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Savoring Kentucky showcases the wonders of Kentucky's food, farms, farmers, restaurants, chefs, distillers, brewers, orchards and markets. We applaud local food, its producers and champions. We delight in news of improvements in food and food systems. We take pleasure in fine food. We thank our wondrous sponsors for supporting our work and local goodness all around.

Kentucky in New York

All this week, Blue Moon's beautiful giant garlic braids gleam behind the frantic antics of celebrity chef Jamie Oliver and the clutch of cooks-in-training on either side of him, otherwise known as the anchors and hosts of the NBC Today Show. Ignore the cooking and admire the perfection of those garlic braids. They combine sensual curves with orderly rows, chaste white with the promise of fiery taste. Quite rich, those braids. Michelle Slatalla, the savvy writer of the New York Times weekly column Online Shopper, today encouraged her readers to order a Kentucky favorite, Derby-Pie, partly because of its unusual quality of keeping well when frozen. Slatalla gamely makes sure to spell it "Derby-Pie," with a hyphen. This pie is one of those food products that picks up advertising and name recognition partly through taking a pugnacious posture on trademarking.

I like Slatalla's fine, clean writing a lot better than I like the pie she recommends. I find the "bought" version of Derby-Pie over-rated - kind of dry and dull. (Its dry texture does make it freeze well, though, and that's Slatalla's point.) But plenty of home cooks and restaurants in Kentucky make astonishing versions of a great pecan or walnut pie with add-ins of first-rate chocolate chips or chunks. When Homeland Security is not listening, we just call these plain old un-hyphenated Derby pie.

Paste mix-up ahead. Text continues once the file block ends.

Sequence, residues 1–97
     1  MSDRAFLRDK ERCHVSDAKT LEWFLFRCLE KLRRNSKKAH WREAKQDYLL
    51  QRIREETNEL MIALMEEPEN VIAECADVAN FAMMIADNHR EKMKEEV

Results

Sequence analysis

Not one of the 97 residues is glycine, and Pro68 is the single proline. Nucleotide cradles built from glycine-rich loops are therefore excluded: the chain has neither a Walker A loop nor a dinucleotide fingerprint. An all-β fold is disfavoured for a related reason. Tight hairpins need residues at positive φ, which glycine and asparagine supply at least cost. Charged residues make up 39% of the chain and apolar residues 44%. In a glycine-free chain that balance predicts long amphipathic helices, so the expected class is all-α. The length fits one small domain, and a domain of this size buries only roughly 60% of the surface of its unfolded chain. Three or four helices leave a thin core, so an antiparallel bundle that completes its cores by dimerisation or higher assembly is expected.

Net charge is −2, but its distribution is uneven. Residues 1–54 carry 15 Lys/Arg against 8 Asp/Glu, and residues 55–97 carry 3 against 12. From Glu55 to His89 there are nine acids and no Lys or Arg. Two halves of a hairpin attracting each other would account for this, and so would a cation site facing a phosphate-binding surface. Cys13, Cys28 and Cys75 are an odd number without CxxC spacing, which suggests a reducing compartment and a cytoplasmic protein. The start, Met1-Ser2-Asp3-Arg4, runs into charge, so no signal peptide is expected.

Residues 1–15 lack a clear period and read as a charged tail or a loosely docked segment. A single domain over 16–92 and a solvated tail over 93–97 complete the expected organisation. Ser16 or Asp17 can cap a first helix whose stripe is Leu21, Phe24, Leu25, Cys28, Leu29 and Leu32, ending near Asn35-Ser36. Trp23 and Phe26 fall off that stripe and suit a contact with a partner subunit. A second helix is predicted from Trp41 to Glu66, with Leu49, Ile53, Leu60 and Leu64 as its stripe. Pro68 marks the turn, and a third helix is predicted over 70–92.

These pies feature a chocolate-spiked version of that silky custard we love so much in perfect pecan pie. Some end up being a butter/sugar custard accented with chocolate regions, and others yield a unitary chocolate-y custard. The wonderful Alfalfa Restaurant in Lexington makes the latter type sometimes (though they don't dare use the word "Derby" in its moniker.)

Slatalla has Kentucky roots, something fellow Nougat writer Julie Wrinn told me recently. I should have known this myself, because Slatalla has a new book out, The Town on Beaver Creek, about Martin, Kentucky, where her mother was born. Slatalla's blog includes other Kentucky food references, including the cream candy available at both Ruth Hunt and Rebecca Ruth candy companies.

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